The Hawaiian Islands remained unknown to Europeans until he late 1700s. For nearly a decade, Englishman James Cook had systematically traversed and recorded much of the Southern Hemisphere attempting to find a sea passage between the Atlantic and Pacific oceans. On his third voyage, Cook's ships — the HMS Resolution and HMS Discovery — spent almost a year in the South Pacific before sailing northward via a previously uncharted route. On January 18, 1778, the expedition sighted the westernmost three landforms (O'ahu, Kaua'i, and Ni'ihau) of the volcanic chain known today as the Hawaiian Islands.
The people of Hawaii are warm and friendly. I have been lucky to visit the Islands three times and never once have I met a Hawaiian who was genuine at heart. It's in this mural that I see the character of Hawaii.
We can all be grateful to William McKinley who in signed the Newlands Resolution which provided for the official annexation of Hawaiʻi on July 7, 1898 making the islands officially became territory of the United States on February 22, 1900.Now, there have been five King Kamehamehas and I wish I knew who was depicted in this mural, but I couldn't reference this. What I do love about this mural is the warmth that exudes from it. The Hawaiian people are very spiritual people, who love the land but more importantly, respect it immensely.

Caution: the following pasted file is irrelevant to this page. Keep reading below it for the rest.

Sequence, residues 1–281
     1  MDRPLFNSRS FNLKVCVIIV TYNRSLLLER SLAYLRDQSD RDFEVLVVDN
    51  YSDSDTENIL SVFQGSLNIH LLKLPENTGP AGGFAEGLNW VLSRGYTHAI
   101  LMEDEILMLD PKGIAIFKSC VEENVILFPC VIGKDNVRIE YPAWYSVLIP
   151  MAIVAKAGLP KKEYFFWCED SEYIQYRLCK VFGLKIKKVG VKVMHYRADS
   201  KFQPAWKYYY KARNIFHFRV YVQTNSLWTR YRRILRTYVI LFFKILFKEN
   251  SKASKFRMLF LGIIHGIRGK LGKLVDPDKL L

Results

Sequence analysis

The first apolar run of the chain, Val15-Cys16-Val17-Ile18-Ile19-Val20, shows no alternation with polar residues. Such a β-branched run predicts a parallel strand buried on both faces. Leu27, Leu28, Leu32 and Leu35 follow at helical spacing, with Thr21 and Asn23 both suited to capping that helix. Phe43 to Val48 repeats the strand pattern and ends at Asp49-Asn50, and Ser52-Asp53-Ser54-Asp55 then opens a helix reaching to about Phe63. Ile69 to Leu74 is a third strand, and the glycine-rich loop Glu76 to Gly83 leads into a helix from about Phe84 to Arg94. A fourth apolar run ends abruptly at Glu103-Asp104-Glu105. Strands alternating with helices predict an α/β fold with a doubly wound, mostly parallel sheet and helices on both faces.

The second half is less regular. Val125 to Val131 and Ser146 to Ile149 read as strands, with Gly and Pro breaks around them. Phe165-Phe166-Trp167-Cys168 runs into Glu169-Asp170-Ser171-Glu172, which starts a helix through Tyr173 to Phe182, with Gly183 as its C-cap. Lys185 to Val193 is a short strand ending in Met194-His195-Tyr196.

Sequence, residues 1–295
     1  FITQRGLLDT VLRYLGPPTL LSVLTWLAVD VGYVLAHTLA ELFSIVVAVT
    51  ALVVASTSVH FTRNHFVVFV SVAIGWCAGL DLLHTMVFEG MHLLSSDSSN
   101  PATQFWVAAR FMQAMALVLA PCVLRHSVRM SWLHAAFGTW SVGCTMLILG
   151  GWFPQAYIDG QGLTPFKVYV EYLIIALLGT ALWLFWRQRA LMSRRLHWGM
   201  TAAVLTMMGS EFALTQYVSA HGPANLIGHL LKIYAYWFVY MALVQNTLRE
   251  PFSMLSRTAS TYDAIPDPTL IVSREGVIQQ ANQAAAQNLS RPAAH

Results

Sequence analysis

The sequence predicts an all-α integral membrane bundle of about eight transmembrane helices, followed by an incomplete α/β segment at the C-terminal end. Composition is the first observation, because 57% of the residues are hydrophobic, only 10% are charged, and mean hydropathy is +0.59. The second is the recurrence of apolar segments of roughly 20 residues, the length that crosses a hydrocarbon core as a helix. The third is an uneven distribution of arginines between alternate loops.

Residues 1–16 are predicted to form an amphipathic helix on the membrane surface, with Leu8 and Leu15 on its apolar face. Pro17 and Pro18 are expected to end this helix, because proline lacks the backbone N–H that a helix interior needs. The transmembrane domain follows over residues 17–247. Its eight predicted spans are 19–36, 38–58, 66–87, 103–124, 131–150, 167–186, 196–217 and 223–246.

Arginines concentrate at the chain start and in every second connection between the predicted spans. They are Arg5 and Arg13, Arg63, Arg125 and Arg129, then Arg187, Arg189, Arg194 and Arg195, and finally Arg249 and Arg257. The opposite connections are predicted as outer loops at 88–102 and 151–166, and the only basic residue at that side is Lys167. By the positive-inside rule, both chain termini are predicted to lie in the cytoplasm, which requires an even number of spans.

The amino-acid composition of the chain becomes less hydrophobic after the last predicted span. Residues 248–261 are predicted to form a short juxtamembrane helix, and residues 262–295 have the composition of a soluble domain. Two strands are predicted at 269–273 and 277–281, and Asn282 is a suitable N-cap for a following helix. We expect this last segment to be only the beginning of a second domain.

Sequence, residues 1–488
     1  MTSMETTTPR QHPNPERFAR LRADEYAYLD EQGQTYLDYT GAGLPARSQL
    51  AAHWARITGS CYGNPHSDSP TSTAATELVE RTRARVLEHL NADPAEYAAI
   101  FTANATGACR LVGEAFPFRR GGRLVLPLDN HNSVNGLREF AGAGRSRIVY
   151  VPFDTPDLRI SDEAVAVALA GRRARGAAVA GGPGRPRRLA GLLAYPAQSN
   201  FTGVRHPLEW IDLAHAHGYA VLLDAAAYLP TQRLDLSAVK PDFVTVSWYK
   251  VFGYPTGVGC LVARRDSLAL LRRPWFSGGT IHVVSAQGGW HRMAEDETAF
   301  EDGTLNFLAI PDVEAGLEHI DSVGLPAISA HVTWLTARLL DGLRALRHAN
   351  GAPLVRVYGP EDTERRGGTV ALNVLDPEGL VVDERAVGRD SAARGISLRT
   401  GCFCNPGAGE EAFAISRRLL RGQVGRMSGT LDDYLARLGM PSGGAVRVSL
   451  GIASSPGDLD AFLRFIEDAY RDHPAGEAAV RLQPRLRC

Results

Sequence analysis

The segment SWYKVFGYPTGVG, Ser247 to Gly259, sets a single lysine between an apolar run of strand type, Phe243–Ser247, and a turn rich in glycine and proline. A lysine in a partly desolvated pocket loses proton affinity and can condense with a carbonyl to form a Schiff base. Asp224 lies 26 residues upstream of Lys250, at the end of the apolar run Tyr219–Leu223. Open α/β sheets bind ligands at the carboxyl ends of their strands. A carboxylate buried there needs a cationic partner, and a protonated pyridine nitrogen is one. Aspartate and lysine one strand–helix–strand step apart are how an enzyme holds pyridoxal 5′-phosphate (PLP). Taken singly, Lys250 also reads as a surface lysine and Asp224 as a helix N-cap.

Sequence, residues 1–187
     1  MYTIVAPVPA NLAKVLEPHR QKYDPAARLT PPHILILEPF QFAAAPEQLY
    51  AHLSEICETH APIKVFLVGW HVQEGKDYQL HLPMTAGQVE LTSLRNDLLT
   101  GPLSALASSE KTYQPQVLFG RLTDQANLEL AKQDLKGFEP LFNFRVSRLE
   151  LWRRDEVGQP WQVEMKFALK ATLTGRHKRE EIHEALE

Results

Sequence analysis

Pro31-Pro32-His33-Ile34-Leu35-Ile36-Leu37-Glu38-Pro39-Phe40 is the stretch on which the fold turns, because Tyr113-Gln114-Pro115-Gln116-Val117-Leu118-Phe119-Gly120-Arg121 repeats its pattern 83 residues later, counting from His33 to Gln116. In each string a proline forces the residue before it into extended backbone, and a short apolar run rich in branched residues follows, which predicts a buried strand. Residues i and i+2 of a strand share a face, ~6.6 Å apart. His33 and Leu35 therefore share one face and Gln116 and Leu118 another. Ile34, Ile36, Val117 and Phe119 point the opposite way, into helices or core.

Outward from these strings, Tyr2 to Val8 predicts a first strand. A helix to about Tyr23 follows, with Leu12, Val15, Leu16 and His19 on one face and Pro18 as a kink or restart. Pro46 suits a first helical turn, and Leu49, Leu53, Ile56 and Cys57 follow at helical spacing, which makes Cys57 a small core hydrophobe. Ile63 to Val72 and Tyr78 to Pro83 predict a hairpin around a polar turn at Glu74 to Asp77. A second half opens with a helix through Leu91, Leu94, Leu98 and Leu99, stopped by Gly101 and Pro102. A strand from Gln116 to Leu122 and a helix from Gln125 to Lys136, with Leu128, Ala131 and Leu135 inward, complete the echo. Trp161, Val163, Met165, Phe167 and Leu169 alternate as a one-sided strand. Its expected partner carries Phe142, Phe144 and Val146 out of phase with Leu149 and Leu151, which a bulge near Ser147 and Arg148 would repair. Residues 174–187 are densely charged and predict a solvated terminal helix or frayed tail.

As I think back upon this cruise, I realized that I didn't dine in this room very often, perhaps once. Had it not been for the class held by ScrapMap, I may have missed it all together which would have been upsetting.
The thought that ran through my mind as I snapped these murals was to create a quilt like layout via stiching, digitally, the photos together. I'll just put it on my to do list!